Yesterday Paris, France and the world watched in shock and sadness as flames engulfed the 14th Century Gothic Cathedral known as Notre Dame, a religious, cultural and national symbol of France, and the West.
My sincere condolences to the French. The good news is that it seems that the cathedral structure itself, along with numerous works of art, were saved.
A thoughtful article in the Guardian reflected on the event, inviting Europeans not to ‘take what you value for granted.’ However, the article focuses primarily on the cultural and artistic meaning of the cathedral.
We cannot forget, as George Weigel in ‘Witness to Hope’ rightly points out, that at the heart of culture is worship. The centuries of effort to build and beautify Notre Dame, begun in 1163 and completed in 1345, was motivated by a profound love for Jesus Christ, his mother Mary, the cathedral’s namesake, and the Catholic faith.
For art to inspire it must first be inspired in the hearts and minds of the artists. From whence do they get their inspiration? The value of true art goes well beyond self-expression, it points to a transcendent beauty that resonates in the hearts and minds of its viewers precisely because they too sense that there is a deeper meaning, and truth behind the artwork.
Notre Dame spoke to us not just because it was beautiful; it spoke to us because it reminded us of heaven – the very purpose of Gothic architecture. When you entered the cathedral, its sheer height almost obliged you to look upward, towards heaven. You felt the grandeur and glory of God represented in the building itself. The large stained-glass windows by their mere size, and irrespective of the images they depicted, spoke to the onlooker of a God who is light, ‘I am the light of the world’ [cf. Jn 8:12].
Even amidst the flames Notre Dame’s transcendent message still spoke to us.
The fact that the Notre Dame suffered such damage at the beginning of Holy Week is not lost to believers. The Church, Mystical Body of Christ, identifies with her suffering Lord, particularly in the week of his Passion. The Church has suffered throughout history, and she continues to do so. Much of the suffering is self-inflicted through the scandals and sins of both her pastors and the faithful. She suffers religious indifference, anti-religious sentiment and laws, and even outright persecution. Recently in France alone at least 12 Churches were desecrated.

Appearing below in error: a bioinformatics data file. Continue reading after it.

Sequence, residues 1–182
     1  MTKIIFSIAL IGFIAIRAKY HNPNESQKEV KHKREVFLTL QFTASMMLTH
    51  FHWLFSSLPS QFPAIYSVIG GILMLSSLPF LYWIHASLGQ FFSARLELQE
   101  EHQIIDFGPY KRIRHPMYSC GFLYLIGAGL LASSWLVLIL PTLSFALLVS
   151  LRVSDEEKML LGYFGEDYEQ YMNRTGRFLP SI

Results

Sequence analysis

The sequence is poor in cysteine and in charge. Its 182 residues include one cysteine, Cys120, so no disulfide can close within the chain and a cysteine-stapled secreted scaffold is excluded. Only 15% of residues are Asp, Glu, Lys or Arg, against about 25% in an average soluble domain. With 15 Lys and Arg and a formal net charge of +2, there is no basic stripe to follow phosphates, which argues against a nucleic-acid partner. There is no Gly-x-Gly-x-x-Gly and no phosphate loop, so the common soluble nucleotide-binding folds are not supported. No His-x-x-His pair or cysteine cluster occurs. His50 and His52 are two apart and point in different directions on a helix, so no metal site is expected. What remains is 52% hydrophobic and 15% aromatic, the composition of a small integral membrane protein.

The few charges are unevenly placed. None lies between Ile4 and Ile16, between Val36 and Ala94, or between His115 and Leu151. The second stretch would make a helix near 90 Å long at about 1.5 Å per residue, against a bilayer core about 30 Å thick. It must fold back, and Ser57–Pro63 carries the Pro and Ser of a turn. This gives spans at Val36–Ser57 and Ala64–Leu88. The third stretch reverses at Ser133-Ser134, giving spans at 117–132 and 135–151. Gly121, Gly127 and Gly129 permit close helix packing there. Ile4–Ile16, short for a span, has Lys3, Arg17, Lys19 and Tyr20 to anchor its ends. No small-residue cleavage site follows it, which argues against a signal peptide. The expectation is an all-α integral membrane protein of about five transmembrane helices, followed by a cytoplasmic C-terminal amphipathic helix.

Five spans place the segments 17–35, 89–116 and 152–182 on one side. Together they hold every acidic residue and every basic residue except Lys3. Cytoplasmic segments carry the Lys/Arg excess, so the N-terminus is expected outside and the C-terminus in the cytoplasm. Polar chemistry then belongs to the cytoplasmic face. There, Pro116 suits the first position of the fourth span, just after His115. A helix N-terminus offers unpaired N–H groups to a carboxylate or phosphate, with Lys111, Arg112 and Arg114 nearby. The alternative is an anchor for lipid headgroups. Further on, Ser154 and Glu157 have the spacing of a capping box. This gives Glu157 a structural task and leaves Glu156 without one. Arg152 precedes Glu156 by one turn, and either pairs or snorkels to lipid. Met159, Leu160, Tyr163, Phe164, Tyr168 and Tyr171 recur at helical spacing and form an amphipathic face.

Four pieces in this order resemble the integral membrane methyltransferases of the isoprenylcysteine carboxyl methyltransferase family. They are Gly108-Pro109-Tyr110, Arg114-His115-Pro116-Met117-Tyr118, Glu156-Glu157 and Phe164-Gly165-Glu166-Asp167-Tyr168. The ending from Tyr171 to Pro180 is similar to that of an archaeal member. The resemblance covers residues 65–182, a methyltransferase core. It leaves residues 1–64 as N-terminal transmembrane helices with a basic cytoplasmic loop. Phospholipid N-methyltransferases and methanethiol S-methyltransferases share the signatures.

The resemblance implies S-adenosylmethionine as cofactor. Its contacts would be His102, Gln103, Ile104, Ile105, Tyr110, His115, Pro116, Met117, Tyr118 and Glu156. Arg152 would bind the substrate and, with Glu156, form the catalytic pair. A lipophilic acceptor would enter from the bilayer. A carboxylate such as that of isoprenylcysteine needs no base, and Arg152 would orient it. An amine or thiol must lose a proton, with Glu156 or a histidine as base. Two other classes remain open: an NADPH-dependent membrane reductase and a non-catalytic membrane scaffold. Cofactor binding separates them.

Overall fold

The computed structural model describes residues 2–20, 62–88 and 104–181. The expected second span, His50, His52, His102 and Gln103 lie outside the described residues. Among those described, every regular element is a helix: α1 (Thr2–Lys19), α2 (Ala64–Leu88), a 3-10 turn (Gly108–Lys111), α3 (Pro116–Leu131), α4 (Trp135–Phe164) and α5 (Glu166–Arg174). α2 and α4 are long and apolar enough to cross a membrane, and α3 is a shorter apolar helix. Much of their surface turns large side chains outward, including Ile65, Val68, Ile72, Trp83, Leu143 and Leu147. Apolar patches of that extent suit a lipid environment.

Frequently in her history, the Church seemed to be on the brink of dying out. Many in the West seem to think that that is again the case. Some might even take the burning of the Notre Dame as a symbol of that crisis of faith in the West.
We as Catholics, however, must not be discouraged. If we follow our Lord in his Passion, by faithfully and lovingly accepting the daily crosses and sacrifices life brings, we will be contributing to a renewal of the faith. For every Good Friday, there follows an Easter. That was true of Christ. That is true of his Church. As G. K. Chesterton put it, ‘Christianity has died many times and risen again; for it had a God who knew the way out of the grave’ [Everlasting Man, 162].
We value the cathedrals and churches built throughout the centuries as rich cultural and artistic depositories. We appreciate the singular prominence that Notre Dame possesses in France and the rest of Europe. Still we must remember that the ‘Most High does not dwell in houses made by human hands’ [Act 7:48]. The Church is the body of the baptized united in faith, nourished by the sacraments and governed by the Magisterium. She is animated and guided by the Holy Spirit.
Thanks be to God, the French, with the support of many throughout the world, seem determined to rebuild Notre Dame. May Catholics show that same determination to pray and work for a renewal of the faith that built the cathedral in the first place.
Fr. John Bullock, LC